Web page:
## Friday, December 01, 2006

### The Prime Game

First, the game.

Ask a friend to write down a prime number. Bet them that you can always strike out 0 or more digits to get one of the following 26 primes:

2, 3, 5, 7, 11, 19, 41, 61, 89, 409, 449, 499, 881, 991, 6469, 6949, 9001, 9049, 9649, 9949, 60649, 666649, 946669, 60000049, 66000049, 66600049.

For example, if your friend writes down 43, you can strike out the 4 to get 3. If your friend writes down 946969, you can strike out the first 9 and the 6's to get 499.

(There's not always a unique way to do this, and of course it works with some non-primes, too: if your friend writes down 35, which isn't a prime, you can strike out the 3 to get 5 or vice versa. But if someone gives you a number where you can't strike out some subset of the digits to get a prime on the list above, then that number isn't prime. For example, you can't strike out any subset of the digits of 649 to get a prime on the list, but 649 isn't prime.)

I published this strange result in the Journal of Recreational Mathematics in 2000; there's a copy on my papers page. Believe it or not, there's actually some interesting mathematics behind it.

Let's say that a string of symbols x is a subsequence of a string of symbols y if you can strike out some symbols of y (not necessarily contiguous) to get x. ("Subsequence" seems to be the preferred term in North America, but in Europe they call this a "subword". However "subword" is used in North America to mean "contiguous subblock".) The relation "x is a subsequence of y" is a partial order, meaning it shares the following properties of the ordinary <= relation on integers:

• x is a subsequence of x;

• If x is a subsequence of y and y is a subsequence of x, then x=y.

• If x is a subsequence of y and y is a subsequence of z, then x is a subsequence of z.

We now call two strings comparable if x is a subsequence of y, or vice versa; otherwise, we say x and y are incomparable. A set is pairwise incomparable if every pair of elements is incomparable.

Now, a very neat result about the subsequence partial order is that every pairwise incomparable set is finite. This isn't obvious, and it isn't true for every partial order. (For example, it isn't true for the order where "subsequence" is replaced by "subword".) You may enjoy trying to prove this.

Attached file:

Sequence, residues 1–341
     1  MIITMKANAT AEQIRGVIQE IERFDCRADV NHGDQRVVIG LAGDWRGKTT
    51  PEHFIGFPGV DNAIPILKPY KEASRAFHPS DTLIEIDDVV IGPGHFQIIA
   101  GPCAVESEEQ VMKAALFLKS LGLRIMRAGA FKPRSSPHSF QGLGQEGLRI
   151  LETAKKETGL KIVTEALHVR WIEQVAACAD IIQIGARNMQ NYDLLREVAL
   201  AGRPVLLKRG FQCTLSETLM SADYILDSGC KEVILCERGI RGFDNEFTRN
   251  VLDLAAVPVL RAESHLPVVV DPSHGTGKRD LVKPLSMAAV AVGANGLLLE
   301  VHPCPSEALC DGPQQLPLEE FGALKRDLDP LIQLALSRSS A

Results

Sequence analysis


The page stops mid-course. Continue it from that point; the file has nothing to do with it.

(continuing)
We need one more concept: the minimal element. A string x in S is said to be minimal for S if whenever y in S is a subsequence of x, then y=x. Given a set of strings S, it's not hard to see that the set of minimal elements of S is pairwise incomparable. So it must be finite. And every string in S has the property that some minimal element is a subsequence of it.

Now, to get the prime game, let S be the set of strings representing primes in base 10. The list of 26 primes above is the set of minimal elements for S.

Determining the set of minimal elements isn't always easy. For example, if instead of the primes we use the decimal representations of the powers of 2, then no one currently knows how to compute the set of minimal elements. It's probably {1,2,4,8,65536}, but proving this seems quite hard.

A neat consequence of this result is that, given any language L, the set of all subsequences of strings in L is regular. We can't always easily determine the regular expression or automaton for L, but we know it exists.

Here's a link to a file of cards you can print, cut out, and perhaps laminate, with the prime game on them. Enjoy.

Jonathan Lubin said...

This is, indeed, very neat!

Deane said...

Jeff,

Very cool!

Deane

D. Eppstein said...

So is there an algorithm that takes as input a base and outputs the list of minimal primes in that base? Or did you just get lucky with decimals that you were able to construct the complete description?

Jeffrey said...

Hi, David. Thanks for stopping by.

The primes are sufficiently dense that there might well be an algorithm to deduce the minimal set in any base of representation. But I don't currently have such an algorithm.

Someone has suggested the size of the minimal set, as a function of the base, as a measure of the complexity of the original language, but as far as I know, little work has been done on this because computing the minimal set is, in general, so hard.

David Swart said...

Hi Jeff (and all),

If anyone is planning on coming up with a recursive method of calculating such minimal sets, perhaps I can get people started with a base case:

unary: {11}

(I know recusion is not a likely candidate for such an algorithm, but then the tongue-in-cheekiness doesn't work).

Jackie Rodgers said...

Jeff, that's something new I learn from your blog today. Very cool indeed! :)

DavidA said...

Is the minimal set for the squares known? My Haskell code has so far found:
1,4,9,25,36,576,676,7056,80656,
665856,2027776,2802276,22282727076,
77770707876,78807087076,
7888885568656,8782782707776,
72822772707876,555006880085056,
782280288087076,827702888070276,
888288787822276,2282820800707876,
7880082008070276
It looks like it could go on and on.

Jeffrey said...

No, the minimal set for squares in base 10 is not known, to my knowledge. It might be extremely difficult.

Anonymous said...

I'd include 0 as a square, which would simplify the minimal set of the squares in base 10 somewhat. :)

Bassam Abdul-Baki said...

Hi Jeffrey,

Thanks for a very interesting article. Looking at the powers of 2 minimal set, I think there's a way to determine it, which I've somewhat started in an Excel spreadsheet. I'll let you know if do.

Marc said...
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